Y2K and your utility’s handheld meter reading equipment
By now everyone has heard the horror stories predicted for the year 2000. A shortcut taken 20 years ago to save valuable space on computers by dropping the first two digits of the year may cause problems when the two digits are 00; the computer thinks it is the year 1900. This problem is commonly abbreviated as Y2K. You may need to take steps now to ensure your equipment will function in the year 2000.
Handheld meter reading equipment is used today by about 70% of all North American utilities. World-wide the number is perhaps closer to 40%. These simple, low cost devices have reduced meter departments’ headcount and improved metering accuracy.
The majority of handheld systems use a PC as an
intermediate step. Route data is uploaded to the handheld unit from the mainframe through the PC. The meter reader takes a loaded handheld unit to the field, enters all the meter readings and returns to download through the PC and back to the mainframe. All the companies are using the ASCII flat file format – at least for the products they are distributing in North America.
We converted to a handheld meter reading system nine years ago. It is a DOS based system with a series of menu choices and an 8086 microprocessor. It is an older cumbersome system that is not user friendly. One wrong keystroke and data can be jumbled or lost. The handheld unit weights about 3 pounds (1.3kg). Newer units weigh much less. Still, we would not be looking at replacing our system if it were Y2K compatible.
In addition to being lighter, units manufactured today use 286 and 386 microprocessors and offer many more features. Major manufacturers such as Schlumberger, Itron, Radix and Telxon started addressing Y2K problems in 1996. Systems purchased before then have a high risk of being susceptible to the Y2K bug – beware!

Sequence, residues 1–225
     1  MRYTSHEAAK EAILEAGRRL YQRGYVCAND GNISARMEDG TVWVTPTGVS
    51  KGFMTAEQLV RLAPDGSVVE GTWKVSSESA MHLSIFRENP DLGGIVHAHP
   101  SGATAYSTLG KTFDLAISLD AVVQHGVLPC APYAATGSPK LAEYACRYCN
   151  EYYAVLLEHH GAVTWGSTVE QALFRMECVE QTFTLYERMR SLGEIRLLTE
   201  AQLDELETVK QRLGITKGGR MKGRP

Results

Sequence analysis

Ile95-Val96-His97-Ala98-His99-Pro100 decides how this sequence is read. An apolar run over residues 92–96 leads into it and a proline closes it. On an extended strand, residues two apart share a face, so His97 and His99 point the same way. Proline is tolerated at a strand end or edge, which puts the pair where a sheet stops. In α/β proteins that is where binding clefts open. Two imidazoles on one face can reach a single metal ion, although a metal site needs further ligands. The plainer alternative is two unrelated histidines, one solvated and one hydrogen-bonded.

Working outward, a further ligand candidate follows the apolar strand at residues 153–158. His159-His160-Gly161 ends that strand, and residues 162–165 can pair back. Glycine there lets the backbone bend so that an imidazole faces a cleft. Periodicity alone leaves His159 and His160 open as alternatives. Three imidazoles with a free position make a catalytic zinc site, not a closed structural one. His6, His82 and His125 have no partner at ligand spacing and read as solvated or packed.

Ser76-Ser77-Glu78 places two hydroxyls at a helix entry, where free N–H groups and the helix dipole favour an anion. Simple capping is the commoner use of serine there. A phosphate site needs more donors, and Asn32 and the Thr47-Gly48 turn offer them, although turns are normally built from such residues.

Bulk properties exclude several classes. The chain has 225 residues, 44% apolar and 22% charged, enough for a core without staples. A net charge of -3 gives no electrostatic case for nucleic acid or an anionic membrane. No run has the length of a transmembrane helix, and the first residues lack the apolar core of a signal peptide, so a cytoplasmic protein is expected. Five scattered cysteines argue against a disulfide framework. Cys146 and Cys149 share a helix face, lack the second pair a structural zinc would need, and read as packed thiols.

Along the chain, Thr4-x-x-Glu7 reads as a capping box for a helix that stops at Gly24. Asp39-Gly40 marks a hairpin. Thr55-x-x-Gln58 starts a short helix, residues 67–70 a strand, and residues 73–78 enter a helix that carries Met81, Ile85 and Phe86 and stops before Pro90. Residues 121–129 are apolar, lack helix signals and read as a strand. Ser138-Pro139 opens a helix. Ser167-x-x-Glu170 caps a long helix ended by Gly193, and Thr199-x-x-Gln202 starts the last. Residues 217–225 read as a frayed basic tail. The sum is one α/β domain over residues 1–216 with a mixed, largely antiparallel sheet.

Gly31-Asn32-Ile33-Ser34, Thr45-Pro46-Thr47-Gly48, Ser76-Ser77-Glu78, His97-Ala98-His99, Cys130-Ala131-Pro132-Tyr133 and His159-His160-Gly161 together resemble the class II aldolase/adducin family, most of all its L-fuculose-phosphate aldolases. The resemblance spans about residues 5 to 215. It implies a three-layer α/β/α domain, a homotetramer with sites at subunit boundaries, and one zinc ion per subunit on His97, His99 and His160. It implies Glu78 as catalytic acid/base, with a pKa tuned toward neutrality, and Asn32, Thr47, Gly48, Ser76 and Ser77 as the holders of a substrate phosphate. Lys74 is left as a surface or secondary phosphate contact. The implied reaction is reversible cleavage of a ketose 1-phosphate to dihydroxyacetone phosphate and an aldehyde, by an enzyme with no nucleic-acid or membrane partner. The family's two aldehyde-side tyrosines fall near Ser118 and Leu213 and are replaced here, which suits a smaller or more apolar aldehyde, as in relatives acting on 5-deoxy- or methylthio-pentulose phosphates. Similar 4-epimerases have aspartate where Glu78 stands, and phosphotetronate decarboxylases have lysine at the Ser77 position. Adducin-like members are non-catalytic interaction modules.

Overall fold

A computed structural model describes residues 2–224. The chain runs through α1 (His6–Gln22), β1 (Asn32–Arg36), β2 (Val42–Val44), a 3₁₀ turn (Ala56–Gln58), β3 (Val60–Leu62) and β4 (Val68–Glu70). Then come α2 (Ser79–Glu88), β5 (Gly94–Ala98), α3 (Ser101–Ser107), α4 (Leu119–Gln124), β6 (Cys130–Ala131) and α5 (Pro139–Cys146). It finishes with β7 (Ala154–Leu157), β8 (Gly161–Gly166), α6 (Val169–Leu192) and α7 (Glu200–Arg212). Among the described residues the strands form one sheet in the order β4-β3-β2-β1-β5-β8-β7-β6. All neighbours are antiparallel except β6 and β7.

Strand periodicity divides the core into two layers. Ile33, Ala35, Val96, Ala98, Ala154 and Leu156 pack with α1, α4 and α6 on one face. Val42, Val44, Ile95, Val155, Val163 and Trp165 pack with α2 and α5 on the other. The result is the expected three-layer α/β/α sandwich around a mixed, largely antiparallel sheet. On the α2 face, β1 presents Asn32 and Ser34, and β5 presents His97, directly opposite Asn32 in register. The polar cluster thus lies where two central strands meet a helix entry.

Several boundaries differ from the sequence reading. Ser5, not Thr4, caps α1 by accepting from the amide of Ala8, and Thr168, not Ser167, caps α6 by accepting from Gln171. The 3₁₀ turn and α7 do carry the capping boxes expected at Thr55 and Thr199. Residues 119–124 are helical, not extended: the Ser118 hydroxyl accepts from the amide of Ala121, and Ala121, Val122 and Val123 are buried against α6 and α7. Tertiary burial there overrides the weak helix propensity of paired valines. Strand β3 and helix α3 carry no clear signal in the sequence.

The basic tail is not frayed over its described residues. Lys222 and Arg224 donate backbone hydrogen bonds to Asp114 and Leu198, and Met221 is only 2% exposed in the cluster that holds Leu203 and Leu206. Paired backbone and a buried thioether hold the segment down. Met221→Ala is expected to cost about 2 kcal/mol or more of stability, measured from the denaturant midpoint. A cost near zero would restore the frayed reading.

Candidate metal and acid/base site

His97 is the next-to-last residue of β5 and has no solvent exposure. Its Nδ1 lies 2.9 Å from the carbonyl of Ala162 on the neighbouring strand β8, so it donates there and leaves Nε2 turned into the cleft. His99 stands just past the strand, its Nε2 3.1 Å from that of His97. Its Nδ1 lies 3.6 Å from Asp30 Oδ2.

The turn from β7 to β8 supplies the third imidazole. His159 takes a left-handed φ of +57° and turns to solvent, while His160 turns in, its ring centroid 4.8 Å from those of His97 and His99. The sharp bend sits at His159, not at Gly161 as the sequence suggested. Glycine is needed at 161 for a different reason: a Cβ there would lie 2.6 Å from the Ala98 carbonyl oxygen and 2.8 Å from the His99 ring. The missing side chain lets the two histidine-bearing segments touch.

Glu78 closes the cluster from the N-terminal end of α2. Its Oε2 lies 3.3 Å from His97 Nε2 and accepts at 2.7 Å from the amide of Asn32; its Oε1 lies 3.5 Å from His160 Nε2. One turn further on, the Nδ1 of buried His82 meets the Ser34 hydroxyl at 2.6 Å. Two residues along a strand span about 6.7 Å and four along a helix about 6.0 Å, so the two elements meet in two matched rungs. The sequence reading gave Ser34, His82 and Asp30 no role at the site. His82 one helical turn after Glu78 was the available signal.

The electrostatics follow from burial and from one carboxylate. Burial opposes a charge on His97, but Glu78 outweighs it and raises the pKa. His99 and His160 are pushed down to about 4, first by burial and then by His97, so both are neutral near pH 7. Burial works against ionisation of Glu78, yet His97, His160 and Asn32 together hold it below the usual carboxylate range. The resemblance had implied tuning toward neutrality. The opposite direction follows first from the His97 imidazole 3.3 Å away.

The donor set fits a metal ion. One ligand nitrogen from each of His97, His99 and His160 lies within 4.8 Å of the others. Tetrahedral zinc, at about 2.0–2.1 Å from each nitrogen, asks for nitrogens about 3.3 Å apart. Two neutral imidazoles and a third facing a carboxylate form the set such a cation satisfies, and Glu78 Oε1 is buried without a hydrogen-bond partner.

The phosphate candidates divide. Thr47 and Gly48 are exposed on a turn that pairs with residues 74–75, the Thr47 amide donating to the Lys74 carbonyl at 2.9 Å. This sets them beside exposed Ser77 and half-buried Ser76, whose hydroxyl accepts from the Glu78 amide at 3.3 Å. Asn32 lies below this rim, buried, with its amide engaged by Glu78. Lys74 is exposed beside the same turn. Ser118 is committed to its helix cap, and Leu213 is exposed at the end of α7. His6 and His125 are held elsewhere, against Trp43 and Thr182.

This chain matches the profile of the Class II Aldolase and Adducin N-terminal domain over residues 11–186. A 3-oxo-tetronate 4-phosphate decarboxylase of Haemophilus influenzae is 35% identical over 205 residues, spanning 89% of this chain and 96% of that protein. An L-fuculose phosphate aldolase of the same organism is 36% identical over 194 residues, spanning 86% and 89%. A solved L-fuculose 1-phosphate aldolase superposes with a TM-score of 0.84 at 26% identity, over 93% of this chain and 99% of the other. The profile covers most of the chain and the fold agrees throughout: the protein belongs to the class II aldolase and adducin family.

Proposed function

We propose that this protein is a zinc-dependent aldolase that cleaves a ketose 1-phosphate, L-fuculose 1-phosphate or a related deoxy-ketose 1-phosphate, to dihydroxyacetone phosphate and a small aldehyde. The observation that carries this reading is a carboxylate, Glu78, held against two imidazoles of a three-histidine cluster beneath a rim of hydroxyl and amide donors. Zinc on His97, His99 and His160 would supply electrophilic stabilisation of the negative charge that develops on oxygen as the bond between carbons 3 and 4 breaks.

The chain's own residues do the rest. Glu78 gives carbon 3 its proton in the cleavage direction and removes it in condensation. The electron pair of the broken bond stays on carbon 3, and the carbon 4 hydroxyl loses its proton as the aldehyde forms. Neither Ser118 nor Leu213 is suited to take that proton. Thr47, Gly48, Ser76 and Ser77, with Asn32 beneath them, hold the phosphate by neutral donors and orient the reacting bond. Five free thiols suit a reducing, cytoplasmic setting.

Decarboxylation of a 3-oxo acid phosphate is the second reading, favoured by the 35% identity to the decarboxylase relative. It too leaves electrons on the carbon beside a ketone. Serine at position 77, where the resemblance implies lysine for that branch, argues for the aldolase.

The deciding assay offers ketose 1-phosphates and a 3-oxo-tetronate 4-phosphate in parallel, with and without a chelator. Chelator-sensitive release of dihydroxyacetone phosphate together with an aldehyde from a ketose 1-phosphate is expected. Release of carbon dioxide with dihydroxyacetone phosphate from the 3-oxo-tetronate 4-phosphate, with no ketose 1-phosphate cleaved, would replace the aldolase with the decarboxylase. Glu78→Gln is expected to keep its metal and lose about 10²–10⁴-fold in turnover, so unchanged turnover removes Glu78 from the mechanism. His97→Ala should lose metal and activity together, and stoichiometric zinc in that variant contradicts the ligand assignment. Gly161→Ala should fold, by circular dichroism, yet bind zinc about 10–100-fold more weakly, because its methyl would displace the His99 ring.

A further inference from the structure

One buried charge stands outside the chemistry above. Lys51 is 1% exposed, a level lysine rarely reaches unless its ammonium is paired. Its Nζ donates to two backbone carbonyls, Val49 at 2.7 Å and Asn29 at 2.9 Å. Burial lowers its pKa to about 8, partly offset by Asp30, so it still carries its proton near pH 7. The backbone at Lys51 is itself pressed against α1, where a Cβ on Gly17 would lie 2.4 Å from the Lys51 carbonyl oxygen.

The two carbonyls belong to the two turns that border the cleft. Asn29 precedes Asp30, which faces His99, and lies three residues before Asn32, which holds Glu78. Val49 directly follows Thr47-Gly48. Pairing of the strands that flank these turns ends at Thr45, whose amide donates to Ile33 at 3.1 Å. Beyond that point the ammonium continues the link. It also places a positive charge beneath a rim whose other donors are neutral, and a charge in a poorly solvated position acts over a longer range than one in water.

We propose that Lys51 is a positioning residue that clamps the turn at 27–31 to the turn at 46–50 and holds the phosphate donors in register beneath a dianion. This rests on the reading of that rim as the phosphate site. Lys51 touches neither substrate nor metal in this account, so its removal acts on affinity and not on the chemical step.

Fifty-two different utility companies in the US, Canada, Australia and New Zealand responded to a survey sent out through the International Utility Revenue Protection Association (IURPA).The survey revealed that all the users of handheld meter reading equipment purchased in the last three years were satisfied with their equipment, regardless of manufacturer. Those with systems over four years old expressed dissatisfaction and are considering replacement systems.
Itron seems to have the largest portion of the North American electricity utility market. The company is now offering the Husky handheld unit as well as its own model. Schlumberger has a larger portion of the water and gas reading markets. Telxon seems to be favoured in Australia and New Zealand, while Husky is popular in Europe.
Several smaller organisations involved with handheld units are offering solutions based on third party handware, such as Psion, 3Com and Datamatic.
Some issues to consider if you intend to up-grade your system:
- Remote meter reading: If you are considering remote meter reading, the possibilities include radio frequency, inductive probing, optical probing and frequency modulation.
- Service support: Consider how long the company has been in business. Most of the major companies have been around for at least 20 years, and can provide reliable service support.
- Digital voice capability: Some handhelds are now available with voice capability. The advantage is that the meter reader can record a message at the site and play it back later.
- Low light features: Some units are backlit for low-light conditions. (Our present unit came with a built-in flashlight that stopped working after two or three years).
- Removable PC card: Some PC cards are removable. This may or may not be a desirable feature. The advantage is the card can be removed for repair or upgrade; the disadvantage is that it could be mishandled or damaged.
- Weight: Some units are lighter than others. Most meter readers prefer the lighter units, but a heavier unit may have a longer-lasting battery pack.
- Software: Windows 95/98 based software may be preferable to DOS. Some companies are still offering their products in DOS, but in general DOS does not interface as well with other Windows software.
- Data Processing: One can choose between a company that manufactures the basic equipment and provides the data processing support, or a company that provides the data processing support for a unit purchased from another manufacturer. While the freelance support companies tend to have a more innovative product, they may not have the long-term stability of a manufacturer that provides data support services.
If your handheld meter reading equipment was purchased before 1996, contact the manufacturer for recommendations and options concerning Y2K. If it was bought after 1996, read your operating guidelines – if Y2K compatibility is not mentioned, contact the manufacturer to ensure your unit is programmed for the new millennium. Your PC must also be Y2K compliant – if either the handheld unit or the PC is not programmed for Y2K, you will be unable to use your electronics in the year 2000.